Sunday, 21 November 2010

Rafael Nadal can raise the roof and end great debate

For someone who supposedly hated tennis, and hated it "with a dark and secret passion", Andre Agassi has a remarkable collection of trophies.

Perhaps The Man Who Hated Tennis loathed the sport the most when he won each of the four grand slams and a gold medal at the Olympics, or perhaps it was when he ripped through the field at the season-ending championships, or when he and his American buddies scored the Davis Cup.

For now, he is the only player to have won everything of note in the men's game. Over the next eight days in Greenwich, Rafael Nadal will be trying to emulate Agassi, as an end-of-year title would give him the full set.

In so many ways, Nadal is everything that Agassi wasn't: the Majorcan loves his tennis, he doesn't tend to look at ease in the arc-lights (though he did open up during a television interview in a South Bank hotel the other day to say he was scared of the dark, just a few minutes after Roger Federer had admitted to a fear of roller-coasters), and he has his own hair.

And Nadal was unimpressed with Agassi's disclosure in his autobiography that he took crystal meth, a highly addictive stimulant, and then lied in a letter to the men's tour to avoid a ban after failing a dope test.

For all that, if Nadal were to achieve what only Agassi has achieved before, by winning the ATP World Tour Finals at the O2 Arena, that would only provoke further debate that he is possibly the greatest player of all time. Nadal, whose last appearance on court in London ended with a celebratory forward-roll on the Wimbledon grass, has the opportunity to give himself a more 'complete' career than Federer.

It was after the world No 1 joined the career grand slam club, winning this year's US Open to become the seventh man in history and the youngest of the modern era to win all four majors, that many started to seriously consider whether he, not Federer, was the finest of all time.

Though Federer has done the career slam, and has won season-ending tournaments, his Olympic gold at the Beijing Games was from the doubles competition as Nadal was the singles champion, and he has never come close to lifting the Davis Cup with Switzerland. John McEnroe used to be unequivocal about Federer, yet last week he referred to the Swiss as only "one of the greatest players".

This has been a superb season for the trophy-chewing Nadal, as he munched on three grand slam cups, with victories at Roland Garros, Wimbledon and Flushing Meadows, so if he were to win in south-east London that would have the Roger-or-Rafa swingometer moving his way. "There's an argument that Nadal could eventually be considered the greatest player," said McEnroe.

Would Rafa have more chance of success if they sliced the top off the O2 Arena? Inside, the received wisdom on Nadal is that he struggles with a roof over his head, and there is no getting away from the fact that, of his 43 career singles titles, 42 have come at outdoor tournaments. You have to spool back five years, to the hard-court championships in Madrid in 2005, for the last and only time that Nadal won an indoor tournament.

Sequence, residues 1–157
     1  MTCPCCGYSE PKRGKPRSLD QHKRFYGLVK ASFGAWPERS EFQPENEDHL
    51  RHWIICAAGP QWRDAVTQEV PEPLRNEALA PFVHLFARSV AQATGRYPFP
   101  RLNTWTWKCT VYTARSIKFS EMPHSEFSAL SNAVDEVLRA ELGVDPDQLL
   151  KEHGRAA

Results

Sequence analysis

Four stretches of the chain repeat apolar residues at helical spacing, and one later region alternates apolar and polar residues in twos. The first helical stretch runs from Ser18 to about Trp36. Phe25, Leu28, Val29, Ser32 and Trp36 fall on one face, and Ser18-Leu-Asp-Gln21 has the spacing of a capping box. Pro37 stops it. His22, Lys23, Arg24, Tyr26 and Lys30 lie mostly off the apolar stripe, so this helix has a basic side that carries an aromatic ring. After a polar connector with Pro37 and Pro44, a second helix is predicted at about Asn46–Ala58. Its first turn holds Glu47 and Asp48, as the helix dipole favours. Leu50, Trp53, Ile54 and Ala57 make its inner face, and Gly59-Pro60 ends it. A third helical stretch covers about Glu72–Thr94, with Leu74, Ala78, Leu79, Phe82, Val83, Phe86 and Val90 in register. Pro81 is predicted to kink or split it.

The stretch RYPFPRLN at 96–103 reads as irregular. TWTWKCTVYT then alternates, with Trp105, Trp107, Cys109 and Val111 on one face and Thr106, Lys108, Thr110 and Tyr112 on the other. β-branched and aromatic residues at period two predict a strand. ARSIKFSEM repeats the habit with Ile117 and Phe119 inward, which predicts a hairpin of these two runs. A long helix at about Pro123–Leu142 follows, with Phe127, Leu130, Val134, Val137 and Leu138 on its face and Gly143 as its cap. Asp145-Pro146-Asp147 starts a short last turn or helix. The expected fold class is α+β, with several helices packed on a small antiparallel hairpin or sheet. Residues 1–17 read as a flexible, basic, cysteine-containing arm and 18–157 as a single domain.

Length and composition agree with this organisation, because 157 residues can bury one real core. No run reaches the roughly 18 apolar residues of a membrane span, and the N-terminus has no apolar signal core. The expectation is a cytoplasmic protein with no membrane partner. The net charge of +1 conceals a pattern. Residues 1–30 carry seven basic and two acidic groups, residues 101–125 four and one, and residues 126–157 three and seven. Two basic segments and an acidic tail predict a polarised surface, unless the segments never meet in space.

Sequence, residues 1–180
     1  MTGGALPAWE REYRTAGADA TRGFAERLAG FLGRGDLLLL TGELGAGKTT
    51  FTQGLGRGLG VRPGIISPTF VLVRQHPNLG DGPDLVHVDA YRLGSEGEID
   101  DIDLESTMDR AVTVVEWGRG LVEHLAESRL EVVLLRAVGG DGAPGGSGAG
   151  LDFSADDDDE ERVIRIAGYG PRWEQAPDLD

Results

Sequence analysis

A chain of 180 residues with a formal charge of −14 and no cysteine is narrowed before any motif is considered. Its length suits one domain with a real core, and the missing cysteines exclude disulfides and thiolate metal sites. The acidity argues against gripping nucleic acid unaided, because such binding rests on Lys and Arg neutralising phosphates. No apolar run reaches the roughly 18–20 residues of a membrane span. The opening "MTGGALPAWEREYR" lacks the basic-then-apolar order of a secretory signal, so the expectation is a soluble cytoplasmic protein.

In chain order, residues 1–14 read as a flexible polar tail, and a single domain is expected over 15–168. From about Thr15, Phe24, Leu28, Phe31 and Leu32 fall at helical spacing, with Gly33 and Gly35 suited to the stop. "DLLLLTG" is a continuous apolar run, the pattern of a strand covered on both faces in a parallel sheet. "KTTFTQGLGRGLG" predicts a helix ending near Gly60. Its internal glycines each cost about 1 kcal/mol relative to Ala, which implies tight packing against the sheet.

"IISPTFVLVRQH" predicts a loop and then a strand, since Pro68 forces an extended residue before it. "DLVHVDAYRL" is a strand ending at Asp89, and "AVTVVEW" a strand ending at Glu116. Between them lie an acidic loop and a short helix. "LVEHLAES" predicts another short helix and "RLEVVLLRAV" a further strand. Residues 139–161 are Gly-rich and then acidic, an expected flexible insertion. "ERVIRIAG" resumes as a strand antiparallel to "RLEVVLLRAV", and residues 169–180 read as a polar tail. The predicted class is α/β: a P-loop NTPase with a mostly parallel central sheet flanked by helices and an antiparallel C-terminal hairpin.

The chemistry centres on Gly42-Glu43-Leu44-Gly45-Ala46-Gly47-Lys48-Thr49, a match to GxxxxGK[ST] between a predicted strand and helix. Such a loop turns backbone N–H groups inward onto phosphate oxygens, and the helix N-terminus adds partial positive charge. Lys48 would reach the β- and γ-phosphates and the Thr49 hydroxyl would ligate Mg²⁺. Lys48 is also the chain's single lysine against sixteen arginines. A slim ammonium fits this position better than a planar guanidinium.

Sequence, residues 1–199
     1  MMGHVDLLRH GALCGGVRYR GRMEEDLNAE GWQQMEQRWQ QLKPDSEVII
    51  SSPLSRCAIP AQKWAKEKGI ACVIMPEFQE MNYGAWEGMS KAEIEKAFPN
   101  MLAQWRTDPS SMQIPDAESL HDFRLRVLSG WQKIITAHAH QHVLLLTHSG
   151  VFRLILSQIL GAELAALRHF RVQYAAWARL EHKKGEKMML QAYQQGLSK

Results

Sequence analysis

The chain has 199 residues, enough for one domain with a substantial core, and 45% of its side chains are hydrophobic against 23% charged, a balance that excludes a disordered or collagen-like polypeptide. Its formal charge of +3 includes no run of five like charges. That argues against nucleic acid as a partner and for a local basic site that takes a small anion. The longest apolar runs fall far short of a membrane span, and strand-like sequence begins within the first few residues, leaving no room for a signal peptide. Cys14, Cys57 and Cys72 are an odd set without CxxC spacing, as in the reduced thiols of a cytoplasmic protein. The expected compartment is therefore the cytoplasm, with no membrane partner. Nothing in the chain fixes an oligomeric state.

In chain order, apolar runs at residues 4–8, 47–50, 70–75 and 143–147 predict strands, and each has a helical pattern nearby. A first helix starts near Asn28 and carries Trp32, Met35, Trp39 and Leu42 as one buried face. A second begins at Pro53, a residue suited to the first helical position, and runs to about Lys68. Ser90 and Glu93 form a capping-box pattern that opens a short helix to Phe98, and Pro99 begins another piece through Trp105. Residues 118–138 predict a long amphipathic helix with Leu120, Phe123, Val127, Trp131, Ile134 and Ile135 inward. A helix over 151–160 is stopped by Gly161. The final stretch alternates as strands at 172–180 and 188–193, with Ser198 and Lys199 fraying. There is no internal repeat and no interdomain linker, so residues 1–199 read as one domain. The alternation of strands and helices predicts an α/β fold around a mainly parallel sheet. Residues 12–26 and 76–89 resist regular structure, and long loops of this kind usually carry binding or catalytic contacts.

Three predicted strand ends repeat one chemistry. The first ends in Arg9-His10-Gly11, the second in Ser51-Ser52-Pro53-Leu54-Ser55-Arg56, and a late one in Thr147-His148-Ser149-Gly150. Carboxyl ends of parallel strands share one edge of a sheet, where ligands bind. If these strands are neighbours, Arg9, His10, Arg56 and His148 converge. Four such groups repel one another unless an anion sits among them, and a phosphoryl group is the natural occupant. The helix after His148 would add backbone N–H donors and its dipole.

By way of comparison, Andy Murray has won half of his 16 singles titles inside, which has everything to do with the different climates by the Mediterranean and in Scotland. It sounds as though the court this week is low-bouncing, which is not good news for Nadal, as he can have difficulties when "there is no life in the ball".

For Nadal, winning this tournament could be trickier than winning Wimbledon. Still, many were saying before this year's US Open that his game would adapt poorly to the cement of New York City, and look what happened there.

If Nadal can win on the fast concrete in America, he can win on a medium-paced court in Greenwich, low bounces or not.

"Maybe Rafa hasn't played his best indoors in the past, but he's capable of playing well anywhere," said Murray, who opens the tournament against Sweden's Robin Soderling this afternoon.

What matters most of all is how Nadal is physically. Last season, with his cranky knees, he failed to win a set in all three of his round-robin matches against Soderling, Nikolay Davydenko and Novak Djokovic.

There is a degree of concern this season about what state his game will be in, since he missed the last regular tournament of the calendar, the Paris Masters, after over-training and giving himself tendinitis in his shoulder.

His match against Andy Roddick will be his first for more than a month. Still, it would seem that he only missed the tournament as a precaution, as he reported here that his shoulder was "perfect".

No one is fretting about how Nadal's body will hold up, and on the cover of the December issue of GQ magazine, just above an image of the actor Robert Downey Junior, there is an invitation to turn inside for 'fitness training tips from Nadal'. That is not a feature you would have found yourself reading this time a year ago.

ATP World Tour Finals

The season-ending tournament is restricted to the best eight players in the world. The players are split into two groups with the top two from each group qualifying for the semi-finals on Saturday, with the final next Sunday.

Group A

Rafael Nadal
Novak Djokovic
Tomas Berdych
Andy Roddick
Group B

Roger Federer
Robin Soderling
Andy Murray
David Ferrer
Sunday: Murray v Soderling; Federer v Ferrer
Monday: Djokovic v Berdych; Nadal v Roddick

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